In fact, it stems from the cultural mindset when it comes to fighting and the fighting spirit. At the weigh-ins and rules meeting, Rizin President Nobihuro Sakikibara made a poignant speech to the fighters expressing his sincere honest assessment and belief that he did not what fighters who fought not to lose. This was Japan. In Japan, it does not matter if you win or lose. It is far more important to put on a show.
To make the fans proud they spent their hard earned money. It was as if he was saying if you come here and win … but win by playing it safe, you will likely not be back. In fact, maybe your opponent would be back if did everything in his power to try an win the fight.
The event came and went and I was in awe seizing the moment of what had just transpired. I believe one of my strongest characteristics is to always appreciate where I am and what is going on around me. And at Rizin, it resonated within me like no other.
And it wasn’t just the nostalgic feeling of being at an event that felt like the resurrection of Pride. It was the country. The people and the culture. For the first time I put myself in check as I compared my way of life with theirs. There is no secret I am always labeled as the polite Canadian in my travels. My friends at the UFC and friends/co-workers at Titan FC often mock me for being too polite or nice. They call it “The Canadian Way”. I can’t help it to be honest. It’s engrained in us to say “please and thank you”, hold doors for complete strangers … the whole ladies first mentality. But my goodness, I as a Canadian cannot hold a candle to the people of Japan.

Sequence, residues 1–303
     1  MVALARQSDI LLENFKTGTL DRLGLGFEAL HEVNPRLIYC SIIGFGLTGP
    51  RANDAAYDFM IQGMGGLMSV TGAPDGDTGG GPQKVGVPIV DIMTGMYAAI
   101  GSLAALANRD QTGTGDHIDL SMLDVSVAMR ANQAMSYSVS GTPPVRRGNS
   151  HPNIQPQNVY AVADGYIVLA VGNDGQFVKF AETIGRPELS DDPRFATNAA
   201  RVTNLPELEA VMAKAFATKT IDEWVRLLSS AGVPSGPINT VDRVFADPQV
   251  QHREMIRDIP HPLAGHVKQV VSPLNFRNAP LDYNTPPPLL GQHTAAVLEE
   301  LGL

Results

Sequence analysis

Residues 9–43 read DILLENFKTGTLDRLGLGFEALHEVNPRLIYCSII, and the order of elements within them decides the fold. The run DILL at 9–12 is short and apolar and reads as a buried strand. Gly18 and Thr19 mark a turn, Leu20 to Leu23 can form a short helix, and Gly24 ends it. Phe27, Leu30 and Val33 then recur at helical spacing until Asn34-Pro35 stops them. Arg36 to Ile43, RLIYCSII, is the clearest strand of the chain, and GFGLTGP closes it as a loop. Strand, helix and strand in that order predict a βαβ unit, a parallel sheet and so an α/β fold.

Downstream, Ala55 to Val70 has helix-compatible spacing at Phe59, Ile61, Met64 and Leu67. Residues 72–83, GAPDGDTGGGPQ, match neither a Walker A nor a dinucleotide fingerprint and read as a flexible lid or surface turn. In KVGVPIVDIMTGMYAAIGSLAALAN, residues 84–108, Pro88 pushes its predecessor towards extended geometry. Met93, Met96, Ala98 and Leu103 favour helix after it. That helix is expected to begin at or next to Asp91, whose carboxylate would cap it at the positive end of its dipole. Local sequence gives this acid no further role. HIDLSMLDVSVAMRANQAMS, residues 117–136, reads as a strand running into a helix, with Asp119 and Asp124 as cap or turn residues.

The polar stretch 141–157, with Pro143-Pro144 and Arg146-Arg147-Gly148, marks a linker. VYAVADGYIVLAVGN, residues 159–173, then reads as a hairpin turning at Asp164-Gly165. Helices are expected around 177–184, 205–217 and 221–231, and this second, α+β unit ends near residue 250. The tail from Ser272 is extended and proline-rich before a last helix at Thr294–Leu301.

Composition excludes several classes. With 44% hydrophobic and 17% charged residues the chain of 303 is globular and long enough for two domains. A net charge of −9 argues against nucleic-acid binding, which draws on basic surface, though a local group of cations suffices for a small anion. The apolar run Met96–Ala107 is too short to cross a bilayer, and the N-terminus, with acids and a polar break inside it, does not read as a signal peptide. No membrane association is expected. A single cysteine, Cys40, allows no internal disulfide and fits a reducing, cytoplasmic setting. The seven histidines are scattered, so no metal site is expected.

Their humble nature and smiling faces are food for the soul. I left Japan feeling like there is an abundance of good in humanity. They Japanese know how to treat one another and guests in their country with dignity and respect. Their sincerity isn’t a vail - it’s real. Their fighters are warriors, who could care less about winning or losing.
I constantly heard the names Antonio Inoki, Takada and Sakuraba everywhere I went, both with and without Rizin staff around. These are but three living legends who have paved the way for the fighting future of Japan’s MMA scene and it’s local representatives inside the ring.
I feel as if Japan is finally back in the MMA game … and for the sport as a whole, I am grateful. I cannot predict MMA’s future but I have a feeling the game is about to change big time.